Sims, N.D., Mann, B. and Huyanan, S. (2008) Analytical prediction of chatter stability for variable pitch and variable helix milling tools. Journal of Sound and Vibration, 317 (3-5). pp. 664-686. ISSN 0022-460XFull text available as:
Regenerative chatter is a self-excited vibration that can occur during milling and other machining processes. It leads to a poor surface finish, premature tool wear, and potential damage to the machine or tool. Variable pitch and variable helix milling tools have been previously proposed to avoid the onset of regenerative chatter. Although variable pitch tools have been considered in some detail in previous research, this has generally focussed on behaviour at high radial immersions. In contrast there has been very little work focussed on predicting the stability of variable helix tools. In the present study, three solution processes are proposed for predicting the stability of variable pitch or helix milling tools. The first is a semi-discretisation formulation that performs spatial and temporal discretisation of the tool. Unlike previously published methods this can predict the stability of variable pitch or variable helix tools, at low or high radial immersions. The second is a time-averaged semi-discretisation formulation that assumes time-averaged cutting force coefficients. Unlike previous work, this can predict stability of variable helix tools at high radial immersion. The third is a temporal-finite element formulation that can predict the stability of variable pitch tools with a constant uniform helix angle, at low radial immersion. The model predictions are compared to previously published work on variable pitch tools, along with time-domain model simulations. Good agreement is found with both previously published results and the time-domain model. Furthermore, cyclic-fold bifurcations were found to exist for both variable pitch and variable helix tools at lower radial immersions.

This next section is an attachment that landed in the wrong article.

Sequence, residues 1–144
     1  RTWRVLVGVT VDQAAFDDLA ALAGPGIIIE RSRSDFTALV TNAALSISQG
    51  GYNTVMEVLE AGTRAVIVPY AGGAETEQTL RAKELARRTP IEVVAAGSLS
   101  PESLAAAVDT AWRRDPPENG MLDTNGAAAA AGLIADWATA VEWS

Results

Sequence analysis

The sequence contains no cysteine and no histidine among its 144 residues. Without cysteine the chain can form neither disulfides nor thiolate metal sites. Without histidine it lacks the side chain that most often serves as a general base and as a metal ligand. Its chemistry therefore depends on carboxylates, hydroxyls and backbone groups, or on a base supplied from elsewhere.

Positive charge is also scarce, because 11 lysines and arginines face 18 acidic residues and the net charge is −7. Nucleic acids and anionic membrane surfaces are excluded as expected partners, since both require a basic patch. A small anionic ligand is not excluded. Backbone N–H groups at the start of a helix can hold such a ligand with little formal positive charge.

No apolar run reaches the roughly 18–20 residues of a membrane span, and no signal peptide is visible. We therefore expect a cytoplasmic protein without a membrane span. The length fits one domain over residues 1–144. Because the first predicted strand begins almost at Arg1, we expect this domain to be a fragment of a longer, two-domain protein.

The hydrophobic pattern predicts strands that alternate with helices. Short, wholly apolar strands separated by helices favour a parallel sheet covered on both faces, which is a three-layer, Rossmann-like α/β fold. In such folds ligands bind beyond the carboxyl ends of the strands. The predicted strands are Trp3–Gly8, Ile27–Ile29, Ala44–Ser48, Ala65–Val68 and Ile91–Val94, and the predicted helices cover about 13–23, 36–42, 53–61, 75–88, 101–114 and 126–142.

|Copyright, Publisher and Additional Information:||© 2008 Elsevier Ltd. This is an author produced version of a paper published in "Journal of Sound and Vibration". Uploaded in accordance with the publisher's self-archiving policy.|
|Academic Units:||The University of Sheffield > Faculty of Engineering (Sheffield) > Department of Mechanical Engineering (Sheffield)|
|Depositing User:||Dr Neil D Sims|
|Date Deposited:||03 Jul 2009 15:20|
|Last Modified:||08 Feb 2013 16:58|
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